If you took a straw poll to determine an image of the typical esports fan, you’d likely come back with a male between 16 and 25 based in North America or South Korea.
Well, in 2018, market research company Nielsen took a more data-driven approach with the Esports Fan Insights survey. The results became public early in May.
Although not as extensive as other market research conducted on the industry, the Nielsen research is useful in giving us a snapshot. Let’s dive in.
Esports and gender
Nielsen surveyed esports consumers in 11 different esports-playing countries. These included esports heavyweights United States, Canada, China, and Korea, plus some countries where there is a burgeoning esports industry in the U.K., France, Germany, Brazil, and Japan, as well as a couple of countries where esports is still an emerging industry, India and Mexico.
First off, the male stereotype is often correct. However, the likelihood of that being the case does differ widely from region to region. Globally, Nielsen found that 22% of esports players are female. But that doesn’t tell the whole story.
There are several countries where the number of female players is markedly higher. In Korea, almost a third of esports gamers are female at 32%. In China, it is a similar number at 30%.
In contrast, there are a number of countries where that metric falls below average. In the US, only 17% of esports fans surveyed were female. Germany saw a couple of percents more, as did Japan and Brazil. Only India, which had just over 10% of female players, had considerably fewer female esports players than the US.
Managing Director of Nielsen Esports Nicole Pike explained:
“We see a direct correlation between how mainstream esports has become in a country’s culture, and how likely females are to participate in the esports ecosystem. Newer fans are more likely to be females, who often start with casual viewing and then become more engaged over time.”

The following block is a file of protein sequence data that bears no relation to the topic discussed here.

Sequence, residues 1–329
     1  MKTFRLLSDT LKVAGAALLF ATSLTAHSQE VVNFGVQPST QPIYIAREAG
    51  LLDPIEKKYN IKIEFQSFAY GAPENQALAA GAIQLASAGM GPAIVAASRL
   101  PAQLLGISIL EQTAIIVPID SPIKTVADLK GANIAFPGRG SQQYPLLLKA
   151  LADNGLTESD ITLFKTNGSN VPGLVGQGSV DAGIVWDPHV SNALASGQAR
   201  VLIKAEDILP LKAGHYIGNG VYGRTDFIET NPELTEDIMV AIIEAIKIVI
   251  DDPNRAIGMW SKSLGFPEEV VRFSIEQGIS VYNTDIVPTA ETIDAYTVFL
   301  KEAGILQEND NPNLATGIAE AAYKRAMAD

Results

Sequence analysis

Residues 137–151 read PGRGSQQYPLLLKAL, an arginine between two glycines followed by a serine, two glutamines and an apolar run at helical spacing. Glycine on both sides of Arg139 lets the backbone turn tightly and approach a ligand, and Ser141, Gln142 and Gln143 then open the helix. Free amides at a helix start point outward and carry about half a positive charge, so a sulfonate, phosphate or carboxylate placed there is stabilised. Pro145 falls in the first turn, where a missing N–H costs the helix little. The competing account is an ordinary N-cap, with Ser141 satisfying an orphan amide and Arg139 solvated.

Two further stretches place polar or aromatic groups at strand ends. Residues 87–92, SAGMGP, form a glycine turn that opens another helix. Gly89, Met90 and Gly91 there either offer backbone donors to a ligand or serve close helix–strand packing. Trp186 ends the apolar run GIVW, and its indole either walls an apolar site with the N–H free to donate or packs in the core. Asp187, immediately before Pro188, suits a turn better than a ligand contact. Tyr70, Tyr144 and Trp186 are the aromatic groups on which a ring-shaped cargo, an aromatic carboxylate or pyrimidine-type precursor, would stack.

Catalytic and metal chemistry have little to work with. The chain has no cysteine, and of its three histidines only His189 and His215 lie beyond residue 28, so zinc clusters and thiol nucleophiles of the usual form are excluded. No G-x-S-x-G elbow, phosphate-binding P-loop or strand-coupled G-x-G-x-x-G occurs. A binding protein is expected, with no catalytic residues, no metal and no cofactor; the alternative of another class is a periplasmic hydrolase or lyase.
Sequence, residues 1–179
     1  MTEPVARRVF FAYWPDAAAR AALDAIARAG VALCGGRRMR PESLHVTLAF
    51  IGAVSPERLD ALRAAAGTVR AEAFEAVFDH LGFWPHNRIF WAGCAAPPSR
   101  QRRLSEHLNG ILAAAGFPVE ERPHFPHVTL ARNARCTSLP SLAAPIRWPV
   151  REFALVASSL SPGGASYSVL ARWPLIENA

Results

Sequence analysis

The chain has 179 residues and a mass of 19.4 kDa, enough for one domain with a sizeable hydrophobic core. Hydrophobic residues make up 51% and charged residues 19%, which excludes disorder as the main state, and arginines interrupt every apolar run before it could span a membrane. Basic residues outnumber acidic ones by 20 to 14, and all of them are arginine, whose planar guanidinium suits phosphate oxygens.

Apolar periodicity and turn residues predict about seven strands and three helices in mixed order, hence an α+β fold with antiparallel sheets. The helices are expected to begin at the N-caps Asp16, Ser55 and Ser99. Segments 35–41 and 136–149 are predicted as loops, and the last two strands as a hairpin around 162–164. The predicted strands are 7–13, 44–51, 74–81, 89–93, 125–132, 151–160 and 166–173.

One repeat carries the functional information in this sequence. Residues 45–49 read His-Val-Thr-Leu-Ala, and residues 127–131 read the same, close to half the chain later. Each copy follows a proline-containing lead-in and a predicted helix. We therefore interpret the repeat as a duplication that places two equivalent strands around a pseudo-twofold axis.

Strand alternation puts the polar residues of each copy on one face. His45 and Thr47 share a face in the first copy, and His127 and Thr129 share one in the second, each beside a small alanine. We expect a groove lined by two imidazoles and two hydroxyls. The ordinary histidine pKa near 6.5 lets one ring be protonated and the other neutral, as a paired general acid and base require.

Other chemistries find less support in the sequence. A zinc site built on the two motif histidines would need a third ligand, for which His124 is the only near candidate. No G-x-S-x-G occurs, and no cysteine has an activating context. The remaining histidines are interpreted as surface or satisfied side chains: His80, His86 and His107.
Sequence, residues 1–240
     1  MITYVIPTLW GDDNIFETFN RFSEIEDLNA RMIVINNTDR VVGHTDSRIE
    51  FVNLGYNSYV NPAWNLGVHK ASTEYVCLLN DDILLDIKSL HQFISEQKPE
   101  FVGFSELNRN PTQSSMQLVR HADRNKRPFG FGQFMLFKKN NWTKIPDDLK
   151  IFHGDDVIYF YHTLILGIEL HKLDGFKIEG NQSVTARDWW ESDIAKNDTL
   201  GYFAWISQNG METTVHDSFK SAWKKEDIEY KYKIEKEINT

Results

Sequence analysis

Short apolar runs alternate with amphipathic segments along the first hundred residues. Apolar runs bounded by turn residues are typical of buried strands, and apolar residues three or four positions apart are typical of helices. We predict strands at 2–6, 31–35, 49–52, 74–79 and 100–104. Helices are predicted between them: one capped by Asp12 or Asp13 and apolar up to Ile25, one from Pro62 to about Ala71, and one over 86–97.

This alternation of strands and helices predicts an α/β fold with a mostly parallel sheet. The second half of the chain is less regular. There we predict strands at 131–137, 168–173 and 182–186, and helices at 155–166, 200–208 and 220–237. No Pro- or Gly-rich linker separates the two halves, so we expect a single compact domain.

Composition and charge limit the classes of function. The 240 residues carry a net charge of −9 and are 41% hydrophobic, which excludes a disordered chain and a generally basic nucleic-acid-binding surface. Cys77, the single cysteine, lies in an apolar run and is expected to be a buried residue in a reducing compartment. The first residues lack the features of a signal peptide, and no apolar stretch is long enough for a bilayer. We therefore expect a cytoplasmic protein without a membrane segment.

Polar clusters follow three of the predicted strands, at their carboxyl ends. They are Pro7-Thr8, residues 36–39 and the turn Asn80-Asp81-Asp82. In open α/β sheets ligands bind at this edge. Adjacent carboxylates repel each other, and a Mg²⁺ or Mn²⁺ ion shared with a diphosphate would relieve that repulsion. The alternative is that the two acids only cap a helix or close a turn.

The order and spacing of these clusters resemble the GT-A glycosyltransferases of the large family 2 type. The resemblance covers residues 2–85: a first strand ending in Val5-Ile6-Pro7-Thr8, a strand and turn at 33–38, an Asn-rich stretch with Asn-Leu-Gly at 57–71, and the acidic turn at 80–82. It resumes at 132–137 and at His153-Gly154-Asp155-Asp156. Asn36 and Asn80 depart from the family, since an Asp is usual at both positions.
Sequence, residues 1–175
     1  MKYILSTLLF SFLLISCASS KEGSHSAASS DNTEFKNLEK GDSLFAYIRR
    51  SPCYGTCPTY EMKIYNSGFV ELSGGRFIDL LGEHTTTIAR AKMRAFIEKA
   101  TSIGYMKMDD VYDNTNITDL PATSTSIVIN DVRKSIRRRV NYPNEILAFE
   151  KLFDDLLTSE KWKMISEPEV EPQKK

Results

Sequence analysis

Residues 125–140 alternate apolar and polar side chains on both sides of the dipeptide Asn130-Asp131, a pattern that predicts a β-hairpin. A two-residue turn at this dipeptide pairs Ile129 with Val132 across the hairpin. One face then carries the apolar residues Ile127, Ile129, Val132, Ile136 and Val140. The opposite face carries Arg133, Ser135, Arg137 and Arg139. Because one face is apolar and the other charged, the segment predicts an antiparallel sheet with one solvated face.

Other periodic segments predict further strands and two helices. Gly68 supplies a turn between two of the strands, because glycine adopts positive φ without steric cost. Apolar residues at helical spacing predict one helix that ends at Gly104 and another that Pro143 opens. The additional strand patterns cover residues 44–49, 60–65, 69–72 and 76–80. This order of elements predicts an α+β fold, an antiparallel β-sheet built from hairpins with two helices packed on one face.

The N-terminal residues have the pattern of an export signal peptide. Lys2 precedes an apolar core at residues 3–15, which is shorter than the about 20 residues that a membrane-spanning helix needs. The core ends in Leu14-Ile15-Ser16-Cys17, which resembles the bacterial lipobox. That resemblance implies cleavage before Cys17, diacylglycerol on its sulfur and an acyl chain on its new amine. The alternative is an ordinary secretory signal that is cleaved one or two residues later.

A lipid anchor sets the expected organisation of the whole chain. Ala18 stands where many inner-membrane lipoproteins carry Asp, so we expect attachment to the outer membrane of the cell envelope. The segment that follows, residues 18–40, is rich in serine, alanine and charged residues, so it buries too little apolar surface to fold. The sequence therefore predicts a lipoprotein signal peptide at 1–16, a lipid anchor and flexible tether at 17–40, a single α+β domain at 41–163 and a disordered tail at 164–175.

‘Why do you engage with esports?’
The next question Nielsen investigated were reasons for participation. Let’s look closer, again split by gender.
Reasons why male players engage with esports:
- To learn tips and tricks from the professionals – 44%
- Entertainment aspects – 41%
- To become a better gamer – 39%
- To connect/meet/socialize with other games – 19%
- To participate in or see cosplay – 9%
Reasons why female players engage with esports:
- Entertainment aspects – 40%
- Learn tips and tricks from the pros – 36%
- To become a better gamer – 29%
- To connect/meet/socialize with other gamers – 22%
- To participate in or see cosplay – 13%
Although male and female fans are drawn to esports for entertainment purposes in almost equal ratios, it is clear that more male players aspire to some professional ideal.
Rather than argue that this means more male players want to become better players than female, I think it suggests more female players may be put off by the dearth of top-level female players in the industry. They may think regardless of how good they get that their chances of turning professional are much smaller than their male counterparts’ odds.
What else do people do when watching esports?
It is well known that when fans watch an esports stream or event, they may also be doing something else on their mobile, tablet, or computer. Nielsen asked as much and, again, split the results by sex.
- Social networking – Females 47% – Males 36%
- Listening to music – Females 28% – Males 25%
- General internet use – Females 39% – Males 38%
- Chatting or using a forum – Females 29% – Males 27%
- Watching another program – Females 16% – Males 15%
- Playing the same video game as in the event – Females 17% – Males 29%
- Playing a different video game than in the event – Females 18% – Males 23%
There are some interesting results here. Notably, female players are more likely to use social media than males, who tend to be more likely to be playing video games themselves.
Again it is easy to read too much into these answers. But it does show that females are using esports in more social terms than males. And males tend to be more focused on gameplay.
As a snapshot of the industry, Nielsen’s data offers some interesting insights. But it would need to be corroborated by further, more detailed, research to identify the genuine reasons why males and females around the world are engaged with esports.